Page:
Full and satisfied we walk to the Ginza area. We are drawn to the elegant and historic Mitsukoshi department store. I read up on the history and learn it was founded in 1673 as a kimono shop, ten years later in 1683, the owners took a new approach to marketing, and instead of selling by going door-to-door, they set up a store where buyers could purchase goods on the spot with cash. My favorite floor is the  food department on the lower level – a wow! A bazaar of food with Harrod’s and many other Japanese food specialists.

Tokyo Street Scene
Tokyo street scene a la Beatles Abbey Road Album

Monday – Jay is working and I take a cab to Shinjuku – this is the area Lost in Translation was filmed. High energy, Times Square like. I walk through Tokyo Hands – our friend David’s favorite store – with everything from stationery to nails. I buy some lovely rice paper and a bag of tiny shells. Shinjuku is divided – the east side is constant chaos – shopping, eating, lots of young people. While the west side is high rises, luxury hotels and government buildings. With an estimated population of over 300,000 Shinjuku is a city in it’s own right.

Tuesday on my own, I take a cab back to the Ginza area. Mostly walk around, people watch and window shop. I check out Matsuya department store where I find an area devoted to Japanese artisans – many are present to talk about their work – paintings, prints, textiles, pottery.

Later I head to the Okura Museum of Art on the grounds of the lovely, historic Okura Hotel. The museum has an austere atmosphere, only a few people are present – offering a calm respite from the downtown energy.

Tokyo Okura Museum Sculpture
Ancient stone sculpture at the Okura Museum in Tokyo

From the hotel website I read the museum’s history: Back in 1917, an avid collector of Buddhist artwork by the name of Kihachiro Okura established, on his own land, a museum in which to hold and display his treasures. Over the years, this collection was added to by his son, the founder of Hotel Okura, Baron Kishichiro Okura, whose interests included modern Japanese painting, or Nihonga. Today, the Okura Shukokan Museum of Fine Arts houses some 2,000 items and 35,000 volumes — a collection that contains a number of officially registered National Treasures, Important Cultural Objects, and Important Art Objects.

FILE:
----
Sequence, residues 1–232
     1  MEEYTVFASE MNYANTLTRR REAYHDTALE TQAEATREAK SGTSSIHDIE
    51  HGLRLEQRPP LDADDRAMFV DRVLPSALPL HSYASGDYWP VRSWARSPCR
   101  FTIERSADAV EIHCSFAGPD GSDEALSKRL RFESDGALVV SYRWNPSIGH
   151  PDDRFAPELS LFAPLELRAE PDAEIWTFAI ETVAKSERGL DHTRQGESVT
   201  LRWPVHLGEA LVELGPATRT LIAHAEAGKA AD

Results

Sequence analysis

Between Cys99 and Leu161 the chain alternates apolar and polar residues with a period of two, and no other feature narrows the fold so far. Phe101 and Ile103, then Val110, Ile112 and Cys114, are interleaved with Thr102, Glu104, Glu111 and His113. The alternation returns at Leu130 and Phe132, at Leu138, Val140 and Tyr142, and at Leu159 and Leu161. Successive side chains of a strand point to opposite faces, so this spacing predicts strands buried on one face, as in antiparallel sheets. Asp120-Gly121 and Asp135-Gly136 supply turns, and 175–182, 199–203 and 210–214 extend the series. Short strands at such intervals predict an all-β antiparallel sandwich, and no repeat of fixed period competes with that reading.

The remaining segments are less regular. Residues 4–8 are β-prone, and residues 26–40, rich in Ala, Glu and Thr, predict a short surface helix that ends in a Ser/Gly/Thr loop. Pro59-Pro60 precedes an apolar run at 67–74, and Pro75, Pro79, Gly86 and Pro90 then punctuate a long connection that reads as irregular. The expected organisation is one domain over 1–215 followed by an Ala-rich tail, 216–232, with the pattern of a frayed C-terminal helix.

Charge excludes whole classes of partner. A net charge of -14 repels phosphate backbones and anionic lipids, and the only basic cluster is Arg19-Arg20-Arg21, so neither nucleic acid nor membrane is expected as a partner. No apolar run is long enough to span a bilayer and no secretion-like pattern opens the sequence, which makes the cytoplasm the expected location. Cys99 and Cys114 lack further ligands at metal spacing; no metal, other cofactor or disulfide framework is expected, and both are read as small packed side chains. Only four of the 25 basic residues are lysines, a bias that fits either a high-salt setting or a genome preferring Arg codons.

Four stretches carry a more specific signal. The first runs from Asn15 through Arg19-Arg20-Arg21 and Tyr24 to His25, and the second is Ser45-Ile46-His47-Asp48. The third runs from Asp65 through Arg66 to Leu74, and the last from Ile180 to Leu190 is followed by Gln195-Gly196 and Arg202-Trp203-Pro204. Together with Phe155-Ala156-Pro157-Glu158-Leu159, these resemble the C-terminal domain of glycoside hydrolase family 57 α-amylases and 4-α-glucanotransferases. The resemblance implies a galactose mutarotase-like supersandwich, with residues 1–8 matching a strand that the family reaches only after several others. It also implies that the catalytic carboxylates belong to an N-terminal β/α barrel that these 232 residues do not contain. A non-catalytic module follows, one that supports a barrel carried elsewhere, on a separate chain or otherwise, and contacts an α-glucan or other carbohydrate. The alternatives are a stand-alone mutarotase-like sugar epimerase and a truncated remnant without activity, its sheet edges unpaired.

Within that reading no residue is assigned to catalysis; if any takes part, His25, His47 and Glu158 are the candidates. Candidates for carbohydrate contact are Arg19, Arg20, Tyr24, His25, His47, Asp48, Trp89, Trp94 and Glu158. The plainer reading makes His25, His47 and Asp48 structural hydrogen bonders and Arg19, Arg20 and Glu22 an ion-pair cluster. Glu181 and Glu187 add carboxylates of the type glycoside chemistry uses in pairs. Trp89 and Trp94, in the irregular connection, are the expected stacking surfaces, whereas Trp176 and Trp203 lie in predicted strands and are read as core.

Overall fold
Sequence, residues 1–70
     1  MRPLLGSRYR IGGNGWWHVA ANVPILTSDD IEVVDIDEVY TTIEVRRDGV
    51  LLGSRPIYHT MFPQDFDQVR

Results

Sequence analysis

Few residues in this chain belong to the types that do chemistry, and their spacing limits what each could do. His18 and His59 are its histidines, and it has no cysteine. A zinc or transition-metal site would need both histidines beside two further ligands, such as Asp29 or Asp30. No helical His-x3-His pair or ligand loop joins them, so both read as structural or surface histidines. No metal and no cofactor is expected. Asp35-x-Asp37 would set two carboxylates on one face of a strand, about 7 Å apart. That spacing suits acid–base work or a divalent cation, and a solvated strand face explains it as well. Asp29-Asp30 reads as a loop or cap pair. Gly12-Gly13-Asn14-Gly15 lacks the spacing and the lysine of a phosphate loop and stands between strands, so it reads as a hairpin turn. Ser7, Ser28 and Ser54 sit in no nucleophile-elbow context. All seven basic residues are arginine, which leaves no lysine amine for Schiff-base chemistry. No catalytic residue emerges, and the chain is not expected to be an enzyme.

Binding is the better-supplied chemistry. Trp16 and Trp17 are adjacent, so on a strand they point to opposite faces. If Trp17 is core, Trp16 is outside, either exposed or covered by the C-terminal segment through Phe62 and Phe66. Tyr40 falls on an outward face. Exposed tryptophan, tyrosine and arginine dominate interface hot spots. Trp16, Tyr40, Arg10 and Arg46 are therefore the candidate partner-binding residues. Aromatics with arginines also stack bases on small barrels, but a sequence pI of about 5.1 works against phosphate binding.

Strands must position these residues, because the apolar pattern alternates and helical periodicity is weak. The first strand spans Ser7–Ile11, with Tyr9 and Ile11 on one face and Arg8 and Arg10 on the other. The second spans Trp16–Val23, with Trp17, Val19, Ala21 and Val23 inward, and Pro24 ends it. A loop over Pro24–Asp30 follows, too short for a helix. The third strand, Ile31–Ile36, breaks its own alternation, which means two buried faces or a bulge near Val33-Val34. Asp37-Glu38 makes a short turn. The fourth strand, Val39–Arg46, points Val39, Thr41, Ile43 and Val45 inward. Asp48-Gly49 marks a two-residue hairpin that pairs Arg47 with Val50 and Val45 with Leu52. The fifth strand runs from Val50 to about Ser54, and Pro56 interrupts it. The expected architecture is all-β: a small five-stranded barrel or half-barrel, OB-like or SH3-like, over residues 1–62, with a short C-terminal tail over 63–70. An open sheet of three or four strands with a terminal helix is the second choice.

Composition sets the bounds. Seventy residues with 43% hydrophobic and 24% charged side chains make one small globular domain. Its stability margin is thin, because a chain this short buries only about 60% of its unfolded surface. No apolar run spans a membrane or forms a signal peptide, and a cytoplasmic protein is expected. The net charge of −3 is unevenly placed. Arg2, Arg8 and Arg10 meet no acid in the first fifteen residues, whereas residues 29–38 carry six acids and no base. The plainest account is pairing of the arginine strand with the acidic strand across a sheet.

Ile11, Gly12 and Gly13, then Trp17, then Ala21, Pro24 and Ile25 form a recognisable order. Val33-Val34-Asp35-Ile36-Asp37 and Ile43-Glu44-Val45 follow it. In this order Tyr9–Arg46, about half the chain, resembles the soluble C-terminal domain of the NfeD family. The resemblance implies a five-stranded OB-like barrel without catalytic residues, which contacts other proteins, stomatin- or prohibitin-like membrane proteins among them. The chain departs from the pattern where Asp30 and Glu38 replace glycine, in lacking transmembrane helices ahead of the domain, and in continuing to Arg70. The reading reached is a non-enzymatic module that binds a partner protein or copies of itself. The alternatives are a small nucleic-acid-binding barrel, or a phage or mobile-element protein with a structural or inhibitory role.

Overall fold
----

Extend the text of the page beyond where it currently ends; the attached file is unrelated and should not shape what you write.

Evening energy levels rise in Tokyo. Apartments are small and utilitarian, so many seek camaraderie with friends and co-workers in the bars after a long day at the office. Nightly we witness the packed tables, shrouded in cigarette smoke, everyone animatedly talking and drinking. It’s worth enduring the smoke to experience the high energy.

As often happens after a trip my antennae are tuned to that country. So when I come across a positive review for The Haiku Apprentice – a memoir by an American diplomat who joins a haiku group in Japan – I am on it. The book is not written to teach haiku yet I find myself dabbling in the medium as I read along during my commute and learning more about the country and people I have just visited.


Fishing with John

When Jay & I settled in the Pacific NW almost eight years ago, locals spoke of a memoir about fishing in the Northwest – Fishing with John by Edith Iglauer. In her middle age, Edith, who had lived a sophisticated, urban life in New York, met a commercial salmon fisherman in British Columbia, married him, and spent the next four years fishing with him on his 41′ troller, the Morekelp. As transplants from the Washington DC area, Jay & I identified with Edith’s wonder and the sense of adventure she found in the Pacific Northwest.

Last Friday we spent an afternoon on the water with our own fisherman friend, John. Our task was easy enough – bring lunch and cold drinks for the three of us and meet him at the dock at 11am.  Prawn season in the San Juan Islands lasts only a hand full of days, so all the fisherman are eyeing the tide charts in anticipation. We motor toward Spieden Island, and John’s “secret spot”, hoping to avoid the crowd. As we arrive, we smile… there are fisherman everywhere – it seems the secret is out! Not to worry though, we are armed with John’s special bait recipe and I am confident that the four traps we lower into the depths (300 to 500 feet) will do the trick.

Once the traps are baited and lowered, we relax in the brilliant midday sun to enjoy our lunch. Immediately afterwards John begins work on the electric winch – this is the first use of the season. Turns out that a little improvising is needed to make it work but the guys succeed and soon the first trap is on it’s way up!  We all think that it feels extra heavy, laden with a full catch. What a sight! As the trap clears the water we see over 40 gorgeous spot prawns pulsing with life in the cage.  Their eyes glow fluorescent copper. Quickly they are released into the waiting bucket… a few escape onto the deck, adding to the excitement. Jay sorts them and the undersized prawns are released back to the water.  We having a satisfying number of “grandpa” jumbo prawns.  As we move from trap to trap, the catch gets better and better.